The first R is Remove. This step encourages us to remove all of the toxic substances and foods that may be negatively impacting our gut health. Take an inventory of the food that you eat and the products that you use on a regular basis. Take note of everything you put in or on your body. Also consider all of the media that you consume—the music, games, movies, social media posts, etc.


Now, consider how all of these might be affecting your health, and remove the things that have a negative impact on your physical or mental health. Are their foods in your diet that contain toxins, chemical preservatives, excess sugar or fat, or other harmful substances? Are there foods that are causing inflammation? Are there certain types of media that you are consuming that could be negatively impacting your mood? Do you have lifestyle habits that harm your body or mind?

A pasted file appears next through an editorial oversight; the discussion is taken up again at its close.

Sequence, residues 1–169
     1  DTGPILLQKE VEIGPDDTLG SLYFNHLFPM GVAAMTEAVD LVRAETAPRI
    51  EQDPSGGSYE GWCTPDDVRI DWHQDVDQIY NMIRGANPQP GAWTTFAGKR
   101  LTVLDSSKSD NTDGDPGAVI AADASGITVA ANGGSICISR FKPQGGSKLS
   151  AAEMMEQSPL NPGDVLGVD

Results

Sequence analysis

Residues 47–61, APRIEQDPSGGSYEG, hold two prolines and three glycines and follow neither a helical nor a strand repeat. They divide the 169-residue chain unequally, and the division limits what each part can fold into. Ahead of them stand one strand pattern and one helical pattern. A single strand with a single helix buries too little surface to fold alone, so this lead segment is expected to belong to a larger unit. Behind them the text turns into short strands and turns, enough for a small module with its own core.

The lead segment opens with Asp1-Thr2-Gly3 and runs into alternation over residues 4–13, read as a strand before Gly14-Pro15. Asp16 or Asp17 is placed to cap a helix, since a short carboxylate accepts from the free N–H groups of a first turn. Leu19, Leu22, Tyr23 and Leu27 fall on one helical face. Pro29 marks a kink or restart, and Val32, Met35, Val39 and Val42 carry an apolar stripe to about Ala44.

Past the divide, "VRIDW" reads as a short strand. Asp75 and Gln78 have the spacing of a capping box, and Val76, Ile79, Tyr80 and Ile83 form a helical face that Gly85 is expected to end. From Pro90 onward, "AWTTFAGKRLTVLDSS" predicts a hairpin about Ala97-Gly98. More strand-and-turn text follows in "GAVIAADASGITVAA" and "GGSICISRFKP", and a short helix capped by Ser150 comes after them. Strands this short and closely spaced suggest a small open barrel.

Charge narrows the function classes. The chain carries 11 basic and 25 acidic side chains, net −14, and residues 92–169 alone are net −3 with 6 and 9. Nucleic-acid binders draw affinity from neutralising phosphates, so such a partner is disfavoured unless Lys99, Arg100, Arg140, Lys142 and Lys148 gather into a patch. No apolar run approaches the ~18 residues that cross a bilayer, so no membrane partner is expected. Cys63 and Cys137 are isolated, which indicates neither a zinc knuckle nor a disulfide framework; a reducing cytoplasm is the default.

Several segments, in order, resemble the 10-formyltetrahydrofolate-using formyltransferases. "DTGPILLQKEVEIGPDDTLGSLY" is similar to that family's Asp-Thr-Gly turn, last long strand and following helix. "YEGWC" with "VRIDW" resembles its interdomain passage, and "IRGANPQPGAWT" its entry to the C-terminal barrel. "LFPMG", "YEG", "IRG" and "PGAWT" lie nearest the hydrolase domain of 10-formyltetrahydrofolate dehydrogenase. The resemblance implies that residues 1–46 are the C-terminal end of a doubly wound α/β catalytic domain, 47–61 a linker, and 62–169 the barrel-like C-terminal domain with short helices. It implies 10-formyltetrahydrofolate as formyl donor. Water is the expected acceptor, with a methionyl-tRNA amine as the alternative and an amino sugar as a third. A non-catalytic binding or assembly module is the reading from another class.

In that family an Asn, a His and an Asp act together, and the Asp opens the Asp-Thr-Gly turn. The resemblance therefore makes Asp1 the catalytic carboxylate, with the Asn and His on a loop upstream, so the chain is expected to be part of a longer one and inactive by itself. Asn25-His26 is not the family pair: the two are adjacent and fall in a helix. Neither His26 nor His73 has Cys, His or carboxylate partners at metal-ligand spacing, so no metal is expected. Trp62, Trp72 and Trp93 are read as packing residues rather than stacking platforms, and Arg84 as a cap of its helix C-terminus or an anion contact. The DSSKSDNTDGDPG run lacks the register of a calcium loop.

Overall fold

Be honest with yourself and look at all of the things you are consuming, then remove those things from your life so they can no longer harm your health or act as obstacles to your healing.




The second R is Replace. This refers to replacing all of those foods and substances that we removed in the first step with more healthy options. For example, replacing inflammatory foods for anti-inflammatory foods, replacing junk food with healthy snacks or alternatives, replacing toxic media with media that supports your well-being.